The general duck hunting season is open Oct. 11-15, and Oct. 18-Jan. 25.
• Coho in Grays Harbor: “I talked with the sampler at the 28th Street ramp, and they saw 16 boats with 25 anglers who caught four coho and released five chinook,” said Scott Barbour, a state Fish and Wildlife biologist. “The half dozen bank anglers at Morrison Park [Tuesday] caught one jack coho and had seen a bunch rolling in the river.”
Bank anglers around 28th Street fishing with bobber and eggs were doing well on jack coho.
• Tuna off the coast: Westport and Ilwaco anglers are still doing well, and were averaging 10 tuna per person. Boats are traveling about 40 to 50 miles out into the ocean.
• Salmon and steelhead in Columbia River and its tributaries: Fair to good for coho in the Cowlitz at the mouth of the Toutle River, and anglers may keep chinook from the boundary markers at the mouth up to 400 feet below Mayfield Dam.
Fair in the Kalama for chinook and coho, and in the Lewis for coho.
The Lower Columbia is closed for chinook, but anglers may keep coho and steelhead.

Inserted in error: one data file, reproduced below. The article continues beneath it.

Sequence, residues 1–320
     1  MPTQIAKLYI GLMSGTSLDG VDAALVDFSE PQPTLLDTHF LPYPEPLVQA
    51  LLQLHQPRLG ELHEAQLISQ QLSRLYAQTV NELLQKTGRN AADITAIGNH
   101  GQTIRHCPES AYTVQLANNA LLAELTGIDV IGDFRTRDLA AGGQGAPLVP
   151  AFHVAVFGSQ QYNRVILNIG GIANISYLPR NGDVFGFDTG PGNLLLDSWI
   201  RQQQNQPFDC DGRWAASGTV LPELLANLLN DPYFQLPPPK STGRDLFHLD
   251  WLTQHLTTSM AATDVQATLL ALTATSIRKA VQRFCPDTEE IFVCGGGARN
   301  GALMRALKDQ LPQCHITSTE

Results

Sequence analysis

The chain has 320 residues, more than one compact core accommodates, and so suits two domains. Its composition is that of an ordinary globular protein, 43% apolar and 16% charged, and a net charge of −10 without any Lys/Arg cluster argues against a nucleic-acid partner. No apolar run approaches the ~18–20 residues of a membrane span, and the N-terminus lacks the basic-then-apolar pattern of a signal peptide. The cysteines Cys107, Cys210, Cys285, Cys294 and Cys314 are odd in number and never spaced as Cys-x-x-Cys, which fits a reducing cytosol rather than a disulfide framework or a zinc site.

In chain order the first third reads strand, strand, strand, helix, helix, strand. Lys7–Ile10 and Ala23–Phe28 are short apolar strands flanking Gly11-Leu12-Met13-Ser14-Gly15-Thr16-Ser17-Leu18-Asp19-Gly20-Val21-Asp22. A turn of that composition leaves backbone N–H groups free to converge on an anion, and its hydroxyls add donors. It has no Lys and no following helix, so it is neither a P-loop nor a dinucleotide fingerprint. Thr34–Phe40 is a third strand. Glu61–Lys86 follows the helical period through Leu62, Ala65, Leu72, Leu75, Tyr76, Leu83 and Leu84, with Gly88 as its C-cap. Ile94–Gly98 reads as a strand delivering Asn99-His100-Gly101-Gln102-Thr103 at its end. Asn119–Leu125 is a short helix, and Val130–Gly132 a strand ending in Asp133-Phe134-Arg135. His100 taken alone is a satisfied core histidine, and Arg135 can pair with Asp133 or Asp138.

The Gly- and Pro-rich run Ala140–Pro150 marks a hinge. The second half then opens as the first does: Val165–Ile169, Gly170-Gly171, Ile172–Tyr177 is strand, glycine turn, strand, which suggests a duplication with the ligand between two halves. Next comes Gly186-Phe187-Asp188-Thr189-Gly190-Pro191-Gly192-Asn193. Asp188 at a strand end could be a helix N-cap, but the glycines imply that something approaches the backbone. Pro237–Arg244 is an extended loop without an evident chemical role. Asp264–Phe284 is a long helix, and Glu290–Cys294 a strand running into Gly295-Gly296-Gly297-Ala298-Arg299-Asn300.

The Hanford Reach of the Columbia is slow for chinook due to low water flows and warm water.
It is taking anglers about 26 fishing hours to catch a chinook in the reach. Vernita was the best place to catch a chinook.
• Other fish reports: “Cutthroat fishing is good in Lake Washington and Lake Sammamish,” said Jerry Beppu, owner Linc’s Tackle Shop in Seattle. “In Lake Washington the west side of Mercer Island has been good for perch and bass.”
Fair squid jigging at the Des Moines and Bremerton piers on the evening flood tide, but slowed down along the Seattle waterfront piers.
Decent smelt jigging at the Cornet Bay pier. The La Conner pier is producing smelt and herring for jiggers. The Lower Samish River is producing fair king fishing.
The Duwamish/Green River from I-405 downstream is open for chinook and coho, but a few fish have been caught of late. The Puyallup and Nisqually rivers are open for hatchery kings, but slow.
Mark Yuasa: 206-464-8780 or firstname.lastname@example.org